Culinary magic at Cura

We first met Pedro Pena Bastos as the chef at Herdade do Esporão when he was only 25 years old. Sitting at a table overlooking the vineyards of this iconic Alentejo estate, we were taken on an unforgettable culinary journey.

We met Pedro again at Ceia, the elegant restaurant in João Rodrigues’ Santa Clara 1728 hotel. We remember sommelier Mário Marques welcoming us in the courtyard outside the restaurant with glasses of natural sparkling wine from Quinta da Serradinha. Sitting at a long wooden table with a small group of fellow culinary travelers, we experienced once again the wonders of Pedro’s cooking.

As soon as we landed in Lisbon, we made reservations for Pedro’s new restaurant, Cura, at the Four Seasons Ritz hotel. We arrived a few minutes early and knocked on the imposing glass and metal door that separates the restaurant from the hotel. The genial Mário Marques came to greet us and showed us around.

It is difficult to create a new space in the Four Seasons Ritz. Inaugurated in 1959, the building’s modernist geometry serves as the canvas for a stunning art collection that includes works by the great painter Almada Negreiros and many of his contemporaries. Cura’s dining room, decorated by architect Miguel Câncio Martins, integrates well the old and the new. A large metal sculpture hanging from the ceiling harmonizes with the wood panels designed by Fred Kradolfer, a brilliant Swiss graphic design artist who lived in Lisbon. The colorful chairs reference the playful use of color popular in the 1950s.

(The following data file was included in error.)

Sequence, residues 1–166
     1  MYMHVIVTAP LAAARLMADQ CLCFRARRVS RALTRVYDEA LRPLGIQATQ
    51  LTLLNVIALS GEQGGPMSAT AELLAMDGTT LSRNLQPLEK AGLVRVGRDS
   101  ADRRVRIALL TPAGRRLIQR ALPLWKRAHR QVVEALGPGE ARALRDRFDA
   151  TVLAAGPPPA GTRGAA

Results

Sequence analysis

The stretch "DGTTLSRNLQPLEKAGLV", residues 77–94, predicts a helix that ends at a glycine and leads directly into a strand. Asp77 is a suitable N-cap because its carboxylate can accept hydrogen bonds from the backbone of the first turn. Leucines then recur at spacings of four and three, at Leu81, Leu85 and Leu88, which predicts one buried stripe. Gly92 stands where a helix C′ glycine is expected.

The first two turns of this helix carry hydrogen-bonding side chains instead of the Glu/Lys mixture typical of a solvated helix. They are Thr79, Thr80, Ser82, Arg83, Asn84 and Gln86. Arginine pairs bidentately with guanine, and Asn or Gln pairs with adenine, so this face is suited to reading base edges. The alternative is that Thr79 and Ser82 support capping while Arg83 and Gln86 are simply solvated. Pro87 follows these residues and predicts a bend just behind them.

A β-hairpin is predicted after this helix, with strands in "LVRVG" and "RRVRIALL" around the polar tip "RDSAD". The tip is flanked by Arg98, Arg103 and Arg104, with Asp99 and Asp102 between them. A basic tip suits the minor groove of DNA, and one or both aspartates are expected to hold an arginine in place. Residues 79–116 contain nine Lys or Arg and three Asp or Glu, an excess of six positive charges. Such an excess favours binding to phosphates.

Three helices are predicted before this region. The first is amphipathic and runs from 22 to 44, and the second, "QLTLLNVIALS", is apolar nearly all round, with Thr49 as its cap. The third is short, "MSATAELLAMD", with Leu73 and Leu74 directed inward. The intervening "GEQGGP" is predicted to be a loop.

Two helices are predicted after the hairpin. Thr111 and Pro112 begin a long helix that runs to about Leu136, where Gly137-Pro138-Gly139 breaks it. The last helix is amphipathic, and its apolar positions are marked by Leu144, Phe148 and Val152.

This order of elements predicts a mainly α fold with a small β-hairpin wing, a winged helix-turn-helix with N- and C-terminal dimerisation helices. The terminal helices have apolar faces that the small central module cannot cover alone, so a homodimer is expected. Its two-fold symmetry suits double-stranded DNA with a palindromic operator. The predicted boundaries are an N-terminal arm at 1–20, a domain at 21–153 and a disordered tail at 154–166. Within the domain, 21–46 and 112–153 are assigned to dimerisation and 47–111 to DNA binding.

While we were chatting with Mário about wine, a plate arrived with long strips made from chickpeas and pumpkin sauce seasoned with marjoram oil. This simple start bears the hallmark of Pedro’s cooking: the constant search for new harmonies and textures that enchant the palate. 

After much pondering, Mário opened a bottle of white Tourónio from Quinta de Tourais in the Douro valley. It is a bright white wine that kept pace with the festival of culinary sensations that followed.

Black pastries filed with veal from the Minho region made a striking appearance on our stone table top. They were pitch black on the outside and succulent on the inside. 

A translucent tagliatelle dressed with a hazelnuts and bergamot sauce came topped with a dollop of caviar.  We recognized this classic trompe l’oeil preparation from Pedro’s repertoire– the “tagliatelle” is made from thin strips of fresh squid.

Slices of breads made from ancient grains were served with butter from the Azores’ Flores island and the magnificent spicy olive oil produced by Pedro’s family. There was also a delicious brioche and some breadsticks made with cheese from the Azores.

Then, a fillet of red snapper came floating on a sauce made from the liver of the fish and perfumed with parsley and saffron. Next, a succulent piece of black pork from Alentejo was accompanied with a beet purée, orange, and foie gras. The dessert featured an original, delightful combination of Jerusalem artichokes, cocoa and arabica coffee. 

We were enjoying one more glass of wine when three little “mignardises” arrived. Mário recommended that we try them in the order, from left to right. The first was made from Belgium biscuit, artichoke and black garlic. The second, made with egg and honey, was an homage to the recipes that came from Portuguese convents. The third, a sphere made from raspberry and lavender, was crispy on the outside and liquid on the inside. It was a final sleight of hand in a dinner full of culinary magic.

Cura is located at Rua Rodrigo da Fonseca 88 in Lisboa. Click here for the restaurant’s website.

An unforgettable supper at Ceia

ceia composit 1

ceia composit 2

ceia composit 3

This article describes our experience in Ceia when Pedro Pena Bastos was the chef. Pedro left in October 2019 for a new project. We can’t wait to see where his next culinary adventures will lead him!